Friday, December 16, 2011

Daredevil #6 (Marvel) – Matt Murdock is still smug/grimly smiling at the end of this, so despite a teasing announcement in the intro that this time he’ll suffer, he’s still having fun. Looking back, the first “arc” (too all over the place storywise to really call it that) clearly falls into two very separate parts: first the new, carefree Matt is introduced and fleshed out by Mark Waid with artist Paolo Rivera, and then the story is sort of sitting around waiting for penciler Marcos Martin to do something spectacular. 

And often he obliges. Martin doesn’t much do continuous action sequences, rather he breaks fight scenes down into tableaus of decisive moments, where the immediate outcome of a move is seldom in doubt. Indeed he seems to be looking for ingenious ways to work around the action. Here’s a brilliant page where Daredevil turns the tables after being beaten to a pulp by Bruiser, a somewhat lackluster villain of artificially enhanced humanity on the lookout for sponsors. A zoom into Daredevil’s face alternates with radar (or so it is suggested) images of Bruiser’s knee, leg bones straining toward breaking point . . . then we don’t see the hit at all but only Bruiser’s shocked cry of pain framed by the letters of the transliterated sound of his bones breaking. Marvelously conceived and not a little silly (the cute knee). Thrilling as art and not (merely) because of the action. Though I wouldn’t mind if the inker were a little lighter on the colors, all the villains seem evenly distributed across the color wheel, which, while it seems a nice nod toward classic comics, works against an atmosphere. There’s not much to grip the emotions. So however marvelous the pages are, I do get a feeling that Martin is still working from the empathy we’ve built up with Matt Murdock over the first three issues, and is not adding much to the character himself.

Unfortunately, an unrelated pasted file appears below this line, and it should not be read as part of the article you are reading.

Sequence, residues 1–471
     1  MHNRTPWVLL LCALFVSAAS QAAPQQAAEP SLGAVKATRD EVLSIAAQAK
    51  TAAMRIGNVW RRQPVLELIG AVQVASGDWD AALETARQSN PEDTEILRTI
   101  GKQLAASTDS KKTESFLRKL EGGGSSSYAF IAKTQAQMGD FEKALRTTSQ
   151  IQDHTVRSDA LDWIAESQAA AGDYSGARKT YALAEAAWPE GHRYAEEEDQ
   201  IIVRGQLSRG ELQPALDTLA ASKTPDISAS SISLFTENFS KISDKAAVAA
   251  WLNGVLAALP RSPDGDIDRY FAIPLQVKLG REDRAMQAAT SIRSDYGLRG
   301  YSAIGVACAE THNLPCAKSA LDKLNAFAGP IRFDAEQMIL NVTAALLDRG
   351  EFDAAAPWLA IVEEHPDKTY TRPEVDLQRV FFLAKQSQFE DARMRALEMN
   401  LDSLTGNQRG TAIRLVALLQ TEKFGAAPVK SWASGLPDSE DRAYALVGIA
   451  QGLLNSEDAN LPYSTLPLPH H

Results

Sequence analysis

But maybe that’s the writing, not the art, and it gets pretty thin when Daredevil has to talk himself out of a spot explaining to the mean guys that their five gangs wouldn’t get along afterward if first they’d kill him anyway, and nobody does him in for the heck of it. Whatever happened to the villains? So with Martin leaving the boat, not sure if this series can keep it up, but with sheer beauties like the panels below, him getting a creator-owned project can only be a good thing. (Though I’m not sure the boat’s moving in exactly the right direction here?)


  1. I think Rivera's actually been as strong as Martin on this series, so I'm not too worried about Martin leaving. It's been so great because Waid seems to be having so much writing the character as an actual happy-go-lucky daredevil who's having fun for once, and because both artists have taken a formalist approach to Daredevil's lack of sight.

    Agreed about the villain showdown, though, that was pretty contrived and not very satisfying. Still, this is up there with Rucka's Punisher and Remender's X-Force as one of Marvel's top tier books.

  2. Definitely Waid/Rivera might even be better for the character. Btw, since I've been checking out Martin's back catalog as far as I could find stuff: I really enjoyed Batgirl Year One from 2003. It has a light mood, Martin continues after subbing for Javier Pulido on Robin Year One with the same authors, but beyond the fun (another wannabe Superhero, The Bug, who wonders why that isn't as cool as The Bat), it did make me care for a figure I usually have no interest in.

  3. Ouch no, the misgivings were more than justified. Christmas issue 7 is a Duckstyle misfortune in winter wonderland with Donald replaced by an even whinier versioning of Peter Parker. Since next issue will see the original Spidey and the Black Cat guesting, I don't think the series will recover any time shortly ...

  4. Yeah, I read that issue and immediately thought of your post. Ouch indeed. I'm not at all sure what they were going for there but it just didn't work at all. So terrible.

    In all fairness, the fault pretty much all belongs to Waid on this one. Rivera's art was nice and I doubt Martin would've done any better with such dire material.